Release of the long-delayed US Senate report on CIA abuses should make Americans proud as well as ashamed. Shame is a natural reaction when we learn that agents acting in our name have behaved so brutally. It is also reasonable, however, for us to be proud of what we read. Security forces in other countries also arrest innocent people, abuse them, and then lie about what they have done. Few of those countries, though, publish reports of their crimes.
That is one reason crimes like these are so often repeated. As long as people know about injustice in a vague and diffuse way, we can push the subject to the back of our minds. We try to believe our leaders when they minimize the extent of abuse and emphasize how vital it has been to national security. But when details of the abuse are published with official imprimatur, it becomes harder to deny or sugarcoat.
Release of this report, then, is a welcome step. The idea of political freedom is based on the belief that knowledge is good. This is subverted when governments seek to decide what citizens may or may not know. Opponents of releasing the CIA report argued that some historical truths are too unpleasant for public consumption. That is a dangerously undemocratic idea.
Those who wished to keep this report secret worry that anti-American forces will seize on it to incite public anger, possibly leading to attacks on Americans. This is not unreasonable; in fact, it will be surprising if the report does not spark outrage. The only alternative, however, would be to keep the report secret indefinitely, or until a more convenient time — assuming such a time will ever come. That would be a crime against both history and democracy.
Critics of the release also fear its impact at home. This report may lead some Americans to look unfavorably on figures involved in the abuse it describes, and on the Republican Party, to which most of them belonged. It would be naive not to realize that Republicans who wanted to keep this report secret acted in part out of political motives. They want the next election to be based on whether Democrats are incompetent socialists, not whether Republicans are mendacious torturers.
Although this report will stir anti-American anger, it should also serve as an example to other countries wrestling with the challenges of facing their past. Nations, like individuals, think of themselves as essentially good and do not like to admit wrongdoing. Doing so, however, is a sign of strength and maturity. In the era of Edward Snowden and the Internet, secrets are hard to keep. It is better to come clean than to leave questions of responsibility hanging forever.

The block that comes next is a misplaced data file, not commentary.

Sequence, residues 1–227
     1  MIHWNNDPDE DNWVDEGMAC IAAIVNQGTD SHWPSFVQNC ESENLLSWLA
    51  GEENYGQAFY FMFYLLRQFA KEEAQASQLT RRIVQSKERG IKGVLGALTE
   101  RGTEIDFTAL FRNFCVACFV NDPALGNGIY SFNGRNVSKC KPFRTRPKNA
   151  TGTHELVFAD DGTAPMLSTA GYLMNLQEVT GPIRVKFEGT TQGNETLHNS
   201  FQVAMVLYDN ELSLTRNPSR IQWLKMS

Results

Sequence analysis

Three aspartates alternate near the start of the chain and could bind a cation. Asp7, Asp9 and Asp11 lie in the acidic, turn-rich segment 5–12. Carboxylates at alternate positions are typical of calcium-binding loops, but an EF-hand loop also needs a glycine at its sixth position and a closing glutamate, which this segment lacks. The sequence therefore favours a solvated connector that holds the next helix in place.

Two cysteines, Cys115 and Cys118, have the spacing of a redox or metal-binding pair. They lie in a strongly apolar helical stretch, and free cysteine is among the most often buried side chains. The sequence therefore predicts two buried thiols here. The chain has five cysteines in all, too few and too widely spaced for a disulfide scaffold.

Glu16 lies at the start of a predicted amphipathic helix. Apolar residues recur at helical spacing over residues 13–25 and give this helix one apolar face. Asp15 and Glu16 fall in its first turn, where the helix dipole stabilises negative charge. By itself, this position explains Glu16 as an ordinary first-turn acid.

Unfortunately, the new CIA report falls short of real truth-telling. It chillingly describes the exuberance with which CIA officers crashed around the world, grabbing suspects off streets and dispatching them for torture at “black sites.” True and deplorable as that may be, no one has suggested that these officers, or their superiors, were doing anything other than what elected leaders wanted them to do. By focusing on the CIA’s kidnappers, torturers, and fabulists, this report diverts us away from the central responsibility of political leaders.
The “major lesson” of this report, Senator Dianne Feinstein said in releasing it, is that intelligence officers must act in rigorous accord with law “regardless of the pressures.” That is an unrealistic fantasy. Intelligence officers are not legal scholars. When they are given orders, they obey — especially in moments of perceived crisis. If the boss says it’s legal, that is usually enough.
According to the report, senior CIA officials fed the White House a poisoned smorgasbord of false statistics and fabricated good news. If they did so, it was because they knew what the White House wanted. There is no such thing as a “rogue elephant” CIA. For all its global depredations, it has always acted within US law, as interpreted by presidents and their aides. It is refreshing to see liars and torturers called out in this report, but disappointing that it stops short of naming the real culprits. Everything bad is attributed to runaway bureaucrats, rather than to those who gave them orders.
This report should encourage Congress to establish, at long last, a commission to study how and why we fell into the Iraq disaster a decade ago. Any such study, however, is valuable only if it pursues responsibility to where it truly lies. This one fails that test.
Stephen Kinzer is a visiting fellow at the Watson Institute for International Studies at Brown University. Follow him on Twitter @stephenkinzer.